Epos has a new gaming flagship in H6PRO, which uses the core concept introduced by the Epos H3 headset, but with some improvements. This means that this headset is very similar to other headsets in the Epos series, but if you are buying a new gaming headset on the market, then it has some new features worth considering.
H6PRO can be used as open or closed. The difference will have an impact on noise isolation, audio response, and the feel of the headset on your head. So you can say that this is a pretty big decision, in terms of gaming headset features.
I have experience in open and closed designs, so I will try my best to guide you to find the best unit for your skull. However, in essence, if you want to isolate noise (prevent external noise from reaching your ear holes), you will need enclosed H6PRO headphones. If this is not important, then the open H6PRO headset will be a better choice.
Both versions of H6PRO share the same core design and functionality, which means that both are wired headsets. If you are looking for wireless earphones, you can check Epos’s H3 Hybrid, or look for the best wireless earphones we recommend further afield.
type: Open and closed, wired
Frequency response: 20–20,000 Hz
driver: 42 mm
Connector: 3.5 mm
weight: 322 g
Warranty: 2 years
Price: 179 USD / 149 GBP / 179 Euro
H6PRO is fairly standard in terms of wired connections. A 2.5m braided 3.5mm analog cable connects the headset to your PC, console or other device. The included cable is sturdy, not loud, but a bit stiff. This means that I often hide it under my keyboard to prevent it from getting in the way. Ideally, the cable will relax a little after further use, but I can’t help but feel that the braided cable is better left for other PC peripherals than on my favorite gaming headset.
Still for that little inconvenience, there are very useful new removable microphones. The microphone itself is of high quality and sounds good. The most important thing is that it can not only be flipped to mute, but also because of its magnetic structure, it can be completely disassembled. In theory, this turns this gaming headset into a headset that you can take with you without feeling a bit stupid. There is even a magnetic cover in the box that can be attached to the side of the earmuffs to make it look clean without a microphone.
In fact, the entire H6PRO is very neat. It feels very good. Although it is mainly plastic, there is a metal headband that passes through the top of the leather-covered belt. If you are a bit rough on it, it will provide enough elasticity.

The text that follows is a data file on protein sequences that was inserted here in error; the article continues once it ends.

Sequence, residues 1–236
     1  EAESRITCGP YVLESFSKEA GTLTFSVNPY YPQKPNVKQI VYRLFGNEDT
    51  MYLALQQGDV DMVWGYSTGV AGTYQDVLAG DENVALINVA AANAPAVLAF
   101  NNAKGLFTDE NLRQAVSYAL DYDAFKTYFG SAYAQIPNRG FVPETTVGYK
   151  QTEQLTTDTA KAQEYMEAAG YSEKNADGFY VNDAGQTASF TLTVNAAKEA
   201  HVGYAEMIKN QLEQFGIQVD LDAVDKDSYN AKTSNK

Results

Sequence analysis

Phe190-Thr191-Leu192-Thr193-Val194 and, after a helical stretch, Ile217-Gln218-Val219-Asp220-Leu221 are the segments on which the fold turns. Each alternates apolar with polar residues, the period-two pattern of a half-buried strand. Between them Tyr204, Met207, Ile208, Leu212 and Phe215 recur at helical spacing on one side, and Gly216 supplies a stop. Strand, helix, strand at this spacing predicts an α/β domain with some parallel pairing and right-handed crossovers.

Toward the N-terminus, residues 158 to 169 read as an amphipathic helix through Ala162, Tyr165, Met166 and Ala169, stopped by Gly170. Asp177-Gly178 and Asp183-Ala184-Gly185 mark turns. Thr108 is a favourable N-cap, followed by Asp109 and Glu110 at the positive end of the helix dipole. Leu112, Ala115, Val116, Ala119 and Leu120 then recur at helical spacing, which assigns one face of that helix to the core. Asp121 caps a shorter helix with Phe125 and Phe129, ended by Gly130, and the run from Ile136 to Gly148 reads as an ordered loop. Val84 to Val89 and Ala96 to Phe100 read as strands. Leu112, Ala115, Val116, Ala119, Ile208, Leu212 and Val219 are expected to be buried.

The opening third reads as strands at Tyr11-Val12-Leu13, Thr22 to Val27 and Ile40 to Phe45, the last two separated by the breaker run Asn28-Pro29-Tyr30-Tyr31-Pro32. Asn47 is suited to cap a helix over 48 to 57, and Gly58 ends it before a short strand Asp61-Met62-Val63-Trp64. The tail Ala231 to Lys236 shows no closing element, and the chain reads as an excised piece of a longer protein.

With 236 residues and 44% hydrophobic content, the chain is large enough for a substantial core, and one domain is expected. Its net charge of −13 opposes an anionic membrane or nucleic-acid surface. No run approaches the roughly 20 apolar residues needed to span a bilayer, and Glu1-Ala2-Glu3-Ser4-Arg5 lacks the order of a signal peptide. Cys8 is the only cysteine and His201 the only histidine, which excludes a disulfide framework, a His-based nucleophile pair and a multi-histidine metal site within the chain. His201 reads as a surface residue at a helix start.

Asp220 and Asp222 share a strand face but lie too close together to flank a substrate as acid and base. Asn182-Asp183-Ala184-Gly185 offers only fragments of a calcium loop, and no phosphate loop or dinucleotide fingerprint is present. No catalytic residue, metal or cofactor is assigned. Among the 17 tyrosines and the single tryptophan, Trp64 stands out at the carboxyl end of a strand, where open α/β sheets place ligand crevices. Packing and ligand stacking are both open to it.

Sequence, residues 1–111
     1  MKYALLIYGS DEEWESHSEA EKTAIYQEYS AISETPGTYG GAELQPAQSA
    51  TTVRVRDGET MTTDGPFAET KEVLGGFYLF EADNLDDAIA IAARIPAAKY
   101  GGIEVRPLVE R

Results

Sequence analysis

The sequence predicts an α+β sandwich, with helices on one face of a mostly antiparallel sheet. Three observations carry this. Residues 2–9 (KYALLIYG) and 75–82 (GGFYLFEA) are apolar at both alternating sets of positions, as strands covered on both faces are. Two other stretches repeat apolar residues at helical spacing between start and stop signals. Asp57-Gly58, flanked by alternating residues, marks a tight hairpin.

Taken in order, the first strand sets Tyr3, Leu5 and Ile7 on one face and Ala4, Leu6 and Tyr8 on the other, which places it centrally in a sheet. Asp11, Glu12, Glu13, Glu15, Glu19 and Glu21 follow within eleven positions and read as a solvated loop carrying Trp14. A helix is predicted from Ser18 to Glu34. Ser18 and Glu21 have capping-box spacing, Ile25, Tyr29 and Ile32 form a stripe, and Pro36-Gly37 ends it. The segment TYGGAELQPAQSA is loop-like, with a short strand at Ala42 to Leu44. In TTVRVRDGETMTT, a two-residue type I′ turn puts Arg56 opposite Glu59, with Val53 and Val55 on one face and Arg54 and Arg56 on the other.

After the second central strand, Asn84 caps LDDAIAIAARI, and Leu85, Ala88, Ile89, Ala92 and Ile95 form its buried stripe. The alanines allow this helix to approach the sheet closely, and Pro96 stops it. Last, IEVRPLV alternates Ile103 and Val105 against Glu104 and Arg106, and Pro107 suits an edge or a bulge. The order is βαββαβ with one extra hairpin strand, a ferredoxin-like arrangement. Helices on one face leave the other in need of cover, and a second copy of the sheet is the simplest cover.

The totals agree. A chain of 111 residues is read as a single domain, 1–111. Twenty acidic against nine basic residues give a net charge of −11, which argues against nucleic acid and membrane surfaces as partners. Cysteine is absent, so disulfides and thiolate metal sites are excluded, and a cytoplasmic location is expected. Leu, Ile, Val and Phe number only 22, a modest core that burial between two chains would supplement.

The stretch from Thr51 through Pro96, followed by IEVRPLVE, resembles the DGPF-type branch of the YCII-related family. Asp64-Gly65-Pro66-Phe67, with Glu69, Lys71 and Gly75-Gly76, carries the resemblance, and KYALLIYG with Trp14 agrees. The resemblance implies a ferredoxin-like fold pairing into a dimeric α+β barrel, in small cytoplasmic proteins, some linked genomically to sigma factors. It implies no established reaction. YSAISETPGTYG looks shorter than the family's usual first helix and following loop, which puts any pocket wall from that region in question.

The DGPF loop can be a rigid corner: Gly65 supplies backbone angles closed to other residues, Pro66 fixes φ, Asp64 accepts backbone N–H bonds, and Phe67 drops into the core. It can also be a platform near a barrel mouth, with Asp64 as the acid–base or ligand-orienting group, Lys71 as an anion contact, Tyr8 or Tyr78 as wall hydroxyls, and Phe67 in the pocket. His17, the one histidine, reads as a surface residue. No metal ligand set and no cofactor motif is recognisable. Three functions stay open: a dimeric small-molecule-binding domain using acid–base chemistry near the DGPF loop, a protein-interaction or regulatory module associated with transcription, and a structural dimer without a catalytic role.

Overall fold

Let’s continue to discuss the most important audio factors, both models of H6PRO are equipped with a brand new 42mm driver.
The open design provides a light and airy soundscape thanks to the use of breathable mesh ear cushions. This model is softer, wider, and easy-going in tone.
The closed version with leatherette ear pads is more harsh to the touch, but in turn, you will indeed feel this pair of low-end products. So if you want more bass, volume and resonance, a closed type is your choice.
However, neither of these two headsets are particularly overwhelming, and the adjustments to these special drivers, no matter which one, are more balanced than some of the gaming headsets I have tested. For this reason, if you want bass to vibrate your eardrums, you’d better look elsewhere.
However, personally, as a fan of Sennheiser HD 650, I am not too worried about putting more bass into my ears. I would rather have a more balanced response, which is provided by both models of H6PRO. Open the back a little more.
In other words, the rear opening is really aurally transparent. This means that you can hear almost everything around you as if you are not wearing headphones, and to a lesser extent, people around you can hear the tune of your choice. The closed cup can block most of the background noise.
The difference in noise isolation is so obvious, because I have already handed my next desk partner, hardware nerd Alan Dexter, to the enclosed H6PRO to give it a try. It is much more difficult to get his attention. Either he chose to ignore me.
On the other hand, for my favorite open earphones, I found that I can almost hear everything happening in the office around me through the mesh on the back of the earmuffs.
Therefore, your choice should really boil down to your environment. If you are in a quieter place, such as your own bedroom, an open plan is best. If you want to wear headphones to walk around, or share a space with another person, closed headphones can well isolate the hustle and bustle of the wider world.
These two pairs have many desirable qualities, and I believe you can’t go wrong either way. In terms of the new flagship, Epos has integrated some truly competitive and impressive things in H6PRO. On the downside, their flagship price is also $179 (£149, 179 euros), and you really need to discuss whether you are satisfied with wired or you might consider using wireless-if there is a peripheral worth cutting the cord, This is your headset.
In other words, if you are willing to spend that much money, you can rest assured, because Epos H6PRO is manufactured according to standards commensurate with the price tag. Not only that, they sound great, they are equipped with first-class microphones, and they are comfortable to wear on the head. Even in the crowded headset market, it is definitely worth considering.